Tuesday, November 20, 2012

#907 Gobustan, Azerbaijan

About an hour south of Baku, off a rugged, simple highway, on a nondescript hill are a series of fabulous natural phenomenon: mud volcanoes. In an area famous for being the first place of oil, Azerbaijan many minerals and gases close to the earth's surface, and one would think that this one is important enough for the government to regulate and monitor, but it remains un-signposted with no road access, found only by 4WDs who've received vague tips to turn after the stone house, before the big rock, and between the small rise of a nearby settlement.

The mud volcanoes are cold, and spout frequently, with others bubbling away at a regular pace. You can put your hand (or body parts) into the mud, but there's nowhere remotely close enough to wash off!

Further north are a treasure that the Azerbaijan government do value enough to regulate: Petroglyphs. Amazing rock drawings including a series of women in dresses, an unusual boat that has been likened to ancient Mediterranean cultures (suggesting a water passage connecting it and the Caspian sea that no longer exists), many animals and other people and shapes. They are up on a hill among many rocks and boulders and there is a small, poorly maintained museum.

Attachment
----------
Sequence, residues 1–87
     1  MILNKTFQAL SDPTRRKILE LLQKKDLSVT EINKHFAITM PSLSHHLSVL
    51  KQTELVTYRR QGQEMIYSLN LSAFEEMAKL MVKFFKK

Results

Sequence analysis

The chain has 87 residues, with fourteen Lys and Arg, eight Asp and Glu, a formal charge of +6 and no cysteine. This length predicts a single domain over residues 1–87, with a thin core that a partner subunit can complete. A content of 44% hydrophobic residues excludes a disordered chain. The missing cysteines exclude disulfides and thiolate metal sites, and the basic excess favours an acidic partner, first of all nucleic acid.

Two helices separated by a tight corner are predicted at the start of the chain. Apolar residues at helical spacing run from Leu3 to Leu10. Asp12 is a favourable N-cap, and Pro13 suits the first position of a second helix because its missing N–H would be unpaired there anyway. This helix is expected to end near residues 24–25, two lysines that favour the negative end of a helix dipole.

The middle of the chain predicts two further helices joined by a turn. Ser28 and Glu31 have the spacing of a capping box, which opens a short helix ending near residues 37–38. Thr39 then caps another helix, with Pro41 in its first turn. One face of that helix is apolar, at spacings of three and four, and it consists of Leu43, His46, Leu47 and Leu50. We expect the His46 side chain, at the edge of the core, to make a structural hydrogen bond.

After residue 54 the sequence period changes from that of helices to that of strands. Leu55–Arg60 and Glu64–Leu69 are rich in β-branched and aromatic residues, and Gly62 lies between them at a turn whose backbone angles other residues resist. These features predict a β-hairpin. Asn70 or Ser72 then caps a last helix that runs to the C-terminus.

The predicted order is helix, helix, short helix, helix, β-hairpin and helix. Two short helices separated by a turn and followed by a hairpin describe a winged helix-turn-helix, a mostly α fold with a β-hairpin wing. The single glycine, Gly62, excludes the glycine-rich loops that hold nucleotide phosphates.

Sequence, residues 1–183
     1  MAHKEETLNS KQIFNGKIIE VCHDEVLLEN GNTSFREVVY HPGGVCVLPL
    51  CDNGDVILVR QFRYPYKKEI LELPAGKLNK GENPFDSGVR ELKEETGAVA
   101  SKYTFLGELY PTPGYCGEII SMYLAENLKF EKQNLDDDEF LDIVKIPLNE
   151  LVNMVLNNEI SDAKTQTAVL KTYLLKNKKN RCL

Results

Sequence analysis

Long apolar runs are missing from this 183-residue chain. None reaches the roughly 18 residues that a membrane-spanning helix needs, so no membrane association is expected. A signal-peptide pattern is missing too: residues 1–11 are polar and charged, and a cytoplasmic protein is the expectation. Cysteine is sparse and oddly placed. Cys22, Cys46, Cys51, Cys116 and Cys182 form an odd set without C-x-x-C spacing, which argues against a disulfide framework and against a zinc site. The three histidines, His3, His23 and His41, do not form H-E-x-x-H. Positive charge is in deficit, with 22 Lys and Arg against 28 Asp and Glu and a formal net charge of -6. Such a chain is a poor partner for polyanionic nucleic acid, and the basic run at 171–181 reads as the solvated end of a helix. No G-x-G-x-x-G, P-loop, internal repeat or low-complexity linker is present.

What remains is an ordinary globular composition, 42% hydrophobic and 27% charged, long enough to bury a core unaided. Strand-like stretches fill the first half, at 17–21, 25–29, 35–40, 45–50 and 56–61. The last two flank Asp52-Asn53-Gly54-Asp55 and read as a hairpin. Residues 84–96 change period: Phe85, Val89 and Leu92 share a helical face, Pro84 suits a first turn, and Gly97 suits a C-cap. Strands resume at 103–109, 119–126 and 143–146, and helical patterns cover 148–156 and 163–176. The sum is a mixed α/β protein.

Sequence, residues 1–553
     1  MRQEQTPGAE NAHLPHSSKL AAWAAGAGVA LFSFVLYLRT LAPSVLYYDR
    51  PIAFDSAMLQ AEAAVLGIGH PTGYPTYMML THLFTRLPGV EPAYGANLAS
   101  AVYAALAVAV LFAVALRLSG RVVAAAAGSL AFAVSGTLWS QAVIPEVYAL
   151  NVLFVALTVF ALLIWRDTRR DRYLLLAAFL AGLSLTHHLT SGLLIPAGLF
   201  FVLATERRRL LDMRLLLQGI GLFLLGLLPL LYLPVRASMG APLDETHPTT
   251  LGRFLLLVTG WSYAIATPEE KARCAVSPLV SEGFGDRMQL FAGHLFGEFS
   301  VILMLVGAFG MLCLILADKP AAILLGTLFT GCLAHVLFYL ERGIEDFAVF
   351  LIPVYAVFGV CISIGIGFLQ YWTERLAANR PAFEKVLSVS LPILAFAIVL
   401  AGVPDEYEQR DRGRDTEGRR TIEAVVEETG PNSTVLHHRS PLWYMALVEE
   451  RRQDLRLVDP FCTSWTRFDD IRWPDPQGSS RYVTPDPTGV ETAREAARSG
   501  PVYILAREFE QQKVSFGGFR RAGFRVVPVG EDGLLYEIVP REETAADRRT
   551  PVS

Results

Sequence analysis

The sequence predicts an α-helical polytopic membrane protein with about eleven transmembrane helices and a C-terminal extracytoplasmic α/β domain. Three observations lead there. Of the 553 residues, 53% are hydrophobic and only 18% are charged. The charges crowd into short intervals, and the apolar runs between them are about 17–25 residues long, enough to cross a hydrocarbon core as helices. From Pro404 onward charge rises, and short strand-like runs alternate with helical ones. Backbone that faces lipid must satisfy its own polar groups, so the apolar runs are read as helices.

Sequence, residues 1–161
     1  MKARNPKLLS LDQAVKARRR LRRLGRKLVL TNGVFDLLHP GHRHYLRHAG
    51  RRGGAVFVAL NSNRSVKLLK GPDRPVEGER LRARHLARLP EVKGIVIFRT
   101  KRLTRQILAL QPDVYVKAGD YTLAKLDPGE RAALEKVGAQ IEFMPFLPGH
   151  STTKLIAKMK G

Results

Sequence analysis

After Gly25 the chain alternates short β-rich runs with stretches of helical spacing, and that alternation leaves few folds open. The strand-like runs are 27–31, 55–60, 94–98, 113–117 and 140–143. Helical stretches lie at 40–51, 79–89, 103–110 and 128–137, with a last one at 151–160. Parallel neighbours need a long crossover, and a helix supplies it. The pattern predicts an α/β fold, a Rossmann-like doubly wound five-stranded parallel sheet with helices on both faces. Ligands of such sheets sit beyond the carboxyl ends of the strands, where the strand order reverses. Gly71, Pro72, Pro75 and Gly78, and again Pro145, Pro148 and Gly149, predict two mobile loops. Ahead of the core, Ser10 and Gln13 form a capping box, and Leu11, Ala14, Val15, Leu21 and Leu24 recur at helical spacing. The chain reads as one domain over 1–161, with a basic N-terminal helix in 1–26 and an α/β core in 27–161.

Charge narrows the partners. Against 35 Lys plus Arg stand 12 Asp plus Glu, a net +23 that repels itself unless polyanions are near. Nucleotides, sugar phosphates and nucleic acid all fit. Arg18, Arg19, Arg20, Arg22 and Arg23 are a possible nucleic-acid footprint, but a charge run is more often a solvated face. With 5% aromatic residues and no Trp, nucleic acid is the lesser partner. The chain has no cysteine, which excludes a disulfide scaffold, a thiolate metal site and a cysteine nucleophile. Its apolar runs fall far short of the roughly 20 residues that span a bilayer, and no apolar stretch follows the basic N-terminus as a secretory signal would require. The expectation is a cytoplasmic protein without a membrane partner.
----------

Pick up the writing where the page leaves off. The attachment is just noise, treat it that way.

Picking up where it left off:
The last stretch when heading back into Baku has to be one of the ugliest oil rig areas in the world, where nodding donkeys, rigs and pools of oil vy for the ugliest item in a panorama of ugly items.

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